I believe the backbone infrastructure of the Internet already supports offsite backup applications. Cloud storage providers would not be able to sell their services if it did not. The main problem is the last mile, or the last 0.5 mile in my specific case. I think this needs to be handled by legislators and regulators, as it used to be for landlines. ISPs, including wireless carriers, have taken billions of dollars worth of taxpayer money, but progress in expanding service has been slow. The FCC definition of broadband just changed to 100 Mbps down / 20 Mbps up. Many ISPs no longer meet this definition as a result, as they offer paltry upload speeds.

This is not just about AT&T deployments of fiber, but also wireless service. Until recently, none of the 3 wireless networks had usable signal inside my home, despite it being included in all their coverage maps, sometimes magically right at the edge of the county and city line (I'm on the city side). One day, our country neighbor got an order to evacuate due to wildfire, but we did not, nor did anyone else on the city side. I guess someone has to draw a line somewhere, whether it's the carrier or government. Anyway, the carrier coverage maps were just fantasy. The service was usable for calls, mainly outside. Not much else. I chose the "least bad", and least expensive service, which was T-Mobile for many years. I found out that Verizon upgraded their towers last week, and now has an excellent 5G signal. So I'll be switching my service over to use their network, through the same MVNO I use now, US Mobile. Still unclear what I will do for a backup ISP. The MVNOs don't offer 5G home internet yet.  I'm thinking I could buy a used 5G cellphone and use it as a backup WAN with pfSense, either through USB, or, if not possible, through Wifi. Will be researching this.

In the meantime, I need to plug in the replacement Comcast XB8 modem I just picked up, as mine died last Friday. I have been making do with 2 free trial wireless ISPs. I need to plug in an additional NIC to handle all three ISPs simultaneously. The Comcast XB8 will need to be plugged in to the dual-port 10 Gbps Intel NIC manually forced at 2.5 Gbps (auto-negotiation is broken), the same way it has been for years. The Sail internet modem with PoE will stay on the motherboard 1 Gb NIC. And Verizon will move to the USB NIC I need to dig in my parts drawers. Setting up load balancing and failover for 3 WANs will be fun. At the end of the free trial, I will not keep all 3, though. AT&T doesn't appear to offer free trial for the Internet 25 DSL service they offer, but it is too slow anyway, and POTS line were cut.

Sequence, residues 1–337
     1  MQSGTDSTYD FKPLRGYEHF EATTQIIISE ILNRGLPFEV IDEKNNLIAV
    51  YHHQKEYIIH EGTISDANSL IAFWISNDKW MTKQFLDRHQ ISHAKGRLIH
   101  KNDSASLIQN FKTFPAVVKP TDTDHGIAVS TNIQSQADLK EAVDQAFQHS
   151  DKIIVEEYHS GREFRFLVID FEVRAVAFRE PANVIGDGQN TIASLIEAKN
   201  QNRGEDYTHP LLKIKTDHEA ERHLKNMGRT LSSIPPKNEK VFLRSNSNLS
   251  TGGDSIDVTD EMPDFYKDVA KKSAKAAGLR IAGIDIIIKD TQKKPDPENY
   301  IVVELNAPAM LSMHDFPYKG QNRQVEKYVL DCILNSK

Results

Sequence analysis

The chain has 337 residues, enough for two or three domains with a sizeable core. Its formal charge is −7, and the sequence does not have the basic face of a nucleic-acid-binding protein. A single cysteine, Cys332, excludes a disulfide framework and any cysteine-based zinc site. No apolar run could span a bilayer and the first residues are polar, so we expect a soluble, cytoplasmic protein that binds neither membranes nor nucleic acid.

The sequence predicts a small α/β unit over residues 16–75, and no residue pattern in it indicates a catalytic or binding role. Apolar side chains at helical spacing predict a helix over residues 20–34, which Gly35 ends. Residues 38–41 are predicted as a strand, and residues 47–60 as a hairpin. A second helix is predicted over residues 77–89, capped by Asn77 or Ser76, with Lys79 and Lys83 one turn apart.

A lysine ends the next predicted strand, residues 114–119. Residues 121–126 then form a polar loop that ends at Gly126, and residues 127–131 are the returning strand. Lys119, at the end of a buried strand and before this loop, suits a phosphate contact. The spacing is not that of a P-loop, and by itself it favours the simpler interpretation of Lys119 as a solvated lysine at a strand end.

(edited)

ACE - Expert

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32.5K Messages

2 months ago

Woah back the tantrum up. I never said anything about you should or should not use the internet. I was pointing out that your needs are outside the norm for what is currently available. And though your bandwidth needs do seem astounding, I do acknowledge that the overall infrastructure needs a lot of improvement.

Remember not all of us are buying the latest highest end tech. Doesn't matter if you can find up to 22TB HDDs. Many of us use only a couple TBs (give or take).

Yes I remember when DSL finally came so I could have an always on connection. Was excited before that to get a bump from 14.4Kbps to 28.8Kbps on the old dial-up. And that was when internet became the World Wide Web. Instead of our more direct connections in the days before that. It will be interesting when fiber gets here (however many years that may take).

In the end internet companies do not build or expand their service based on one consumer. They go for a balance of economical for them while serving the most customers. Certainly go with whatever internet service can best fit your needs. There is an entire country of evolving internet capability, each area and company at their own pace, that does not put a single power user above the masses.

(like many I am curious what you are doing that needs such an immense backup to even keeping HDDs in a deposit box. For non-business use it is an impressive level of usage. If you don't wish to share, I respect that. Only mentioning your situation is of interest).

(edited)

ACE - Expert

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24.8K Messages

2 months ago

@madbrain  I know whereabouts you live being as we lived close to the same area. You are just too far out to get any faster internet than you already have now, let alone a 10Gbps connection. You might want to shop around for possibly a business connection but it's gonna be expensive, if at all possible. 1 or maybe a 2GBPS connection could be possible where you live but 10Gbps, nope. Even if AT&T's Internet Air were available, that wouldn't do you any good either basically due to tower congestion. I don't even know if 5G is even reliable or available up where you live.